And then you're going to go out to the side. Just let it go. But you're not letting this sink, so everything staying very stable. And it's a stretch and strengthen at the same time, so you should be feeling the elongation one those shoulder muscles while also feeling a little bit of a warmth happening as those muscles warm up. And, of course, the breath will always go movement is the exhale. Inhale hold, exhale and come back in. Good. Exhaling out, inhaling at the hold. Exhaling to draw back in.
Inhaling through your set. Again, six or seven sets on one side, six or seven sets on the other side. Our last exercise we'll practise in this series is going to be articulation though the spine without resistance from the floor. So when you're practicing your dance practise, you should be very bodily aware, especially of the backspace, which is what we're going to be working on today. However, when you're doing backspace movement, most of that movement's actually going to come from the front core muscles.
So we're going to be thinking about our abdominals a lot. You're going to come to your hands and knees. And, of course, protecting those wrists, making sure that those fingertips are gripping into the floor, softening through the elbows. This is our cat spine. In Pilates, we don't go into the extension of the spine. So we actually just remain neutral. So the head and tail are going to be nice and long, and you're going to really try to check out and understand where your personal neutral is.
So the lining up of your body's going to go ears over shoulders. Shoulders in line with the middle of the ribs. Middle of the ribs stacking right through the middle of the hips, and then the sit line should be pointing in line with the top of the head. OK, so finding that awareness is really important, especially to know your stack, your spine. And we're going to start to go into our cat back by pulling up through the bottom of the core.
So I'm thinking about from my pubic bone to my navel, zipped up into my hips. And that's going to cause my low back to start to arch up towards the ceiling. I'll start from the bottom and let the hip go last exhaling. And then I inhale to return back to my neutral, but I'm not extending into that cat spine. Remember, it's just a neutral stack. Really aware where that spine is going. Exhale.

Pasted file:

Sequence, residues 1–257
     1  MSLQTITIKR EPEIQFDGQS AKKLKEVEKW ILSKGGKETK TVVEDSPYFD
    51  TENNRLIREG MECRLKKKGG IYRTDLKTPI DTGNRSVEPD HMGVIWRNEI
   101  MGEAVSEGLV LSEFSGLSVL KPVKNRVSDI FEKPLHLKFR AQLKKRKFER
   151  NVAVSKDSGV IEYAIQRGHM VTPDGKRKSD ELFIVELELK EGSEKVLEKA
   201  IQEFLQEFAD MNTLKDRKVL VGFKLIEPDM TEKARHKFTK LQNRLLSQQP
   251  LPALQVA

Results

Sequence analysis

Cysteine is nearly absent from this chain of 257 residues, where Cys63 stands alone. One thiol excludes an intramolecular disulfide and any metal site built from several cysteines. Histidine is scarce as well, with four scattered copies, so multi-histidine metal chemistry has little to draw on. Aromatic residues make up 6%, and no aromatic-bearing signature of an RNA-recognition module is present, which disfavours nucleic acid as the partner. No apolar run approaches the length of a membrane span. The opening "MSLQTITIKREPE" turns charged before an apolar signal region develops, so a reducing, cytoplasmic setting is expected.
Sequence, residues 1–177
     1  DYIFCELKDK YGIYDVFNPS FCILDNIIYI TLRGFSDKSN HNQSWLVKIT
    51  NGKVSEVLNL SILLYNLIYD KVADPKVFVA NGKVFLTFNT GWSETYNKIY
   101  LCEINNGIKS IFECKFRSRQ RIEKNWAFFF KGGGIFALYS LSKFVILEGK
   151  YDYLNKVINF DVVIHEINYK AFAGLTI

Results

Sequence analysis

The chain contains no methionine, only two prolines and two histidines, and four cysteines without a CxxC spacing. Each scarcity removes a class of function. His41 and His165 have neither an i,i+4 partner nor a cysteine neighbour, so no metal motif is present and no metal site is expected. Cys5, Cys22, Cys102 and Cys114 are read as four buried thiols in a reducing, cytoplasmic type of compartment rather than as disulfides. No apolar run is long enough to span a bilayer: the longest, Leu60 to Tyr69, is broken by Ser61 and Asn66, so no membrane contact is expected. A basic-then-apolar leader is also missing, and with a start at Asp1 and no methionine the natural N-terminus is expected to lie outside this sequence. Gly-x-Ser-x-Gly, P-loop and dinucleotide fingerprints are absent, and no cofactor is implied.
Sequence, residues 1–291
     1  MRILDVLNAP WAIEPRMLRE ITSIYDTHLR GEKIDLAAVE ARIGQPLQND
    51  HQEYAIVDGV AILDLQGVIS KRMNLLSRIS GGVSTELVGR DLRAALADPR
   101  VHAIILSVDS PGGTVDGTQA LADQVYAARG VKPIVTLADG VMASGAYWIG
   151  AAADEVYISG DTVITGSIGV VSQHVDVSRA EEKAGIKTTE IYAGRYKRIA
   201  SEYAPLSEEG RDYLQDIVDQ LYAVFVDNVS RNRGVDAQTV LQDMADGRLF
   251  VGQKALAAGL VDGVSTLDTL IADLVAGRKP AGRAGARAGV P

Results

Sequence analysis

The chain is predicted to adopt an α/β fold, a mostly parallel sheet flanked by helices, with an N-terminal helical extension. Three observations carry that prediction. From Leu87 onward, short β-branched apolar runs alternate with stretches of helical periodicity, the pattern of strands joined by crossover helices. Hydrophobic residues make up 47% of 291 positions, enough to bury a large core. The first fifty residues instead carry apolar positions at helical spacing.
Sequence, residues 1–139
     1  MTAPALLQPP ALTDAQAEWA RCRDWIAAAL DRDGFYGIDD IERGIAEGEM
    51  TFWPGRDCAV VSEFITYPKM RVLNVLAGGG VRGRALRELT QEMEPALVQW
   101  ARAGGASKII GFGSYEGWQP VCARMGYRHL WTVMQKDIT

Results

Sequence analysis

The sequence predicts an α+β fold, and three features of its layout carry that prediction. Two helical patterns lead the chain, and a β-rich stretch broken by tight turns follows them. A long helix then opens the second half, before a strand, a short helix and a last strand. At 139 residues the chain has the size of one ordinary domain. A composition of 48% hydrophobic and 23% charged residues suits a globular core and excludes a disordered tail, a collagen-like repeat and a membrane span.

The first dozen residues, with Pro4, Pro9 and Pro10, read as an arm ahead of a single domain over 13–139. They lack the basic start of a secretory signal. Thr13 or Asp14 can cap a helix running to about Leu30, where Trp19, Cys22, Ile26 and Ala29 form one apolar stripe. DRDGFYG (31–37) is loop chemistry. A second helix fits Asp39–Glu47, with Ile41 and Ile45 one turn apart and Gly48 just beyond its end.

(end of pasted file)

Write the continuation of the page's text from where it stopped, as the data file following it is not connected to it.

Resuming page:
Smooth your tummy. Inhale. And then this way, we're going to really find our core muscles and really understand the back articulation.
Then, once you've really got awareness through the core, that position, you can take it into the hover with the knees off the ground. This is a really challenging position to do, so keep in mind this is the level up from that knee down position. You want to perfect the knee down position first.
So I'm going to hover my knees just a couple of centimetres off the floor, I'm going to try for the same thing. Now, I'm already engaging in my abs just to hold this, so it's going to be hard to get that articulation. I'm going to inhale prepare. Exhale.
Bottom to the top. Inhale and exhale, slightly out of breath pattern for this one because there's so much effort in this one. Inhale, exhale, move.
Inhale, exhale, move.
Do about five steps with each or as many as you need in the first series in order to feel prepared for the second series, and then five in the second series. Very good.
That concludes our first series of fundamental Pilates for dancers. We'll continue on with another video, getting a little bit more in depth in the articulation, little bit more complex with our movement so that we are really focusing on body awareness, understanding, and strength and mobility. Thank you, guys. Have a good day.
End of transcript